The Roll Call story also mentions two other potential GOP candidates for Senate in 2016: Arapahoe County District Attorney George Brauchler and State Treasurer Walker Stapleton. It's far too early to talk about Brauchler as a candidate for anything while the Aurora theater shooting case has yet to be settled; the outcome of that case, more than anything, will probably decide Brauchler's potential as a future candidate.

We've also heard Stapleton mentioned as a potential candidate in 2016, but it's far more likely that Stapleton remains where he is in order to run for Governor in 2018. Stapleton did win re-election in November as State Treasurer, but not before nearly bungling the race altogether with his own missteps and excuses. Stapleton's connections to the Bush family (he's a cousin to George W. or George H.W. or Jeb or something) and his ability to raise money will always make him a potential candidate for higher office, but he could probably use a few more years to do something of value as State Treasurer to wash that Dealin' Doug-style TV ad out of your brain.

We've got a long way to go until 2016, but the campaigning for U.S. Senate will begin in earnest in the next 6 months or so. Mike Coffman looks today like the strongest possible Republican challenger, though there is no guarantee that he'll actually run. The Coffman family dynamic is fun to talk about, but there's no way Cynthia is going to be the GOP nominee in 2016.

Colorado PERA Fiduciaries: Severely Underfunded, But See No Problem.

Colorado PERA Fiduciaries: Severely Underfunded, But See No Problem.

"We Don't Need Additional Contributions," Colorado PERA General Manager Greg Smith.

A few years ago, Colorado PERA officials and their hired lobbyists argued that the PERA public pension system's 69 percent funded ratio was such a crisis that the contracts of Colorado PERA pensioners just had to be broken.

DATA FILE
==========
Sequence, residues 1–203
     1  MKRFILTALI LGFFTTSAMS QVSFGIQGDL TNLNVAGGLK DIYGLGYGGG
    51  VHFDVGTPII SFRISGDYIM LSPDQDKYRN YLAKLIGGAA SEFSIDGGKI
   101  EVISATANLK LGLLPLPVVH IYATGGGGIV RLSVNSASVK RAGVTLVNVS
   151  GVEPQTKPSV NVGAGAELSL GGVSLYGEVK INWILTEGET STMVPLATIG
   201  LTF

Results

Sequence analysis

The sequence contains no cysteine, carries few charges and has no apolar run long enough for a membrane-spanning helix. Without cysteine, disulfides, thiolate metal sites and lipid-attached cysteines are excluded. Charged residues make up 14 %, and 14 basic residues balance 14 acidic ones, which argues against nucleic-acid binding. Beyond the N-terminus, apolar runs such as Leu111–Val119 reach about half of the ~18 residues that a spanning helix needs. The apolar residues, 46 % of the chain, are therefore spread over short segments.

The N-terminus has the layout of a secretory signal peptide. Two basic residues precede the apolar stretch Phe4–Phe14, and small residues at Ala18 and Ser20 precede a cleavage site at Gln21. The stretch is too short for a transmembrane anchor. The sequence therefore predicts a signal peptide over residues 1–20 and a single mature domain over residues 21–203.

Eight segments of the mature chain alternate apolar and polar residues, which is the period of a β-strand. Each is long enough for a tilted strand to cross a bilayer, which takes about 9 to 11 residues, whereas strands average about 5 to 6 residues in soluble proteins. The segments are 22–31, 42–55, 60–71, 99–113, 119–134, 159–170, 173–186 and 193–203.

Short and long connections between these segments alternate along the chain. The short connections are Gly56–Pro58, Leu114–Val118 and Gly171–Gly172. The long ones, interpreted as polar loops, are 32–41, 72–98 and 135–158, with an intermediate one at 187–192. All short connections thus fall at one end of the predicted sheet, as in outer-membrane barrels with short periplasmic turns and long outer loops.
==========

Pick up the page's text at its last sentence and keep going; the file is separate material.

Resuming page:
They contended that the Colorado PERA pension system's 69 percent funded level constituted an "actuarial emergency" that justified the breach of Colorado PERA retiree pension contracts.

December 16, 2009

Colorado PERA officials in written testimony to the Joint Budget Committee: “The General Assembly cannot decrease the COLA (absent actuarial necessity) because it is part of the contractual obligations that accrue under a pension plan protected under the Colorado Constitution Article II, Section 11 and the United States Constitution Article 1, Section 10 for vested contractual rights.”

Since Colorado PERA officials have held the position that a 69 percent funded ratio is a financial crisis, and the pension system is currently funded in the low 60s, it seems odd that Colorado PERA officials are now suddenly complacent about Colorado PERA's funded level.

December 11, 2014, Colorado PERA public pension General Manager Greg Smith testifying to the Colorado General Assembly's Joint Budget Committee: "We don't need additional contributions."

Colorado PERA's Greg Smith may very well be alone in the nation in that he, as a fiduciary who heads a major public pension system that has been grossly and historically underfunded, testifies to elected officials overseeing the pension system "we don't need additional contributions." This is a truly bizarre position for a public pension fiduciary. Colorado PERA is a public pension with a funded ratio currently in the low 60s, headed up by a General Manger who claims that the pension system does not need any additional funding. Rather than serving in the capacity of a fiduciary, Greg Smith appears to motivated primarily by political concerns. The Colorado Legislature has paid only 73% of the actuarially required contributions (ARC) for the Colorado PERA pension system over the last twelve years                                                                                                                  

I ask: Were Colorado PERA officials speaking the truth to Colorado legislators on February 23, 2012 when [then] Colorado PERA General Manager Meredith Williams, testified to the Colorado House Finance Committee, in regard to the Legislature’s failure to pay the Colorado PERA ARC? Meredith Williams: “We’ve had a significant problem over the years, in that . . . contributions, payments by (PERA) employers into PERA have been kind of the last thing in the budget building process, and we have not made the required payments. Unfortunately, in our line of work, where we’re involved in compounding shortfalls grow, particularly when the shortfalls continue year after year after year.”

Or, were Colorado PERA officials speaking the truth to Colorado legislators on December 11, 2014 when JBC members heard from Colorado PERA that "we don't need additional contributions"?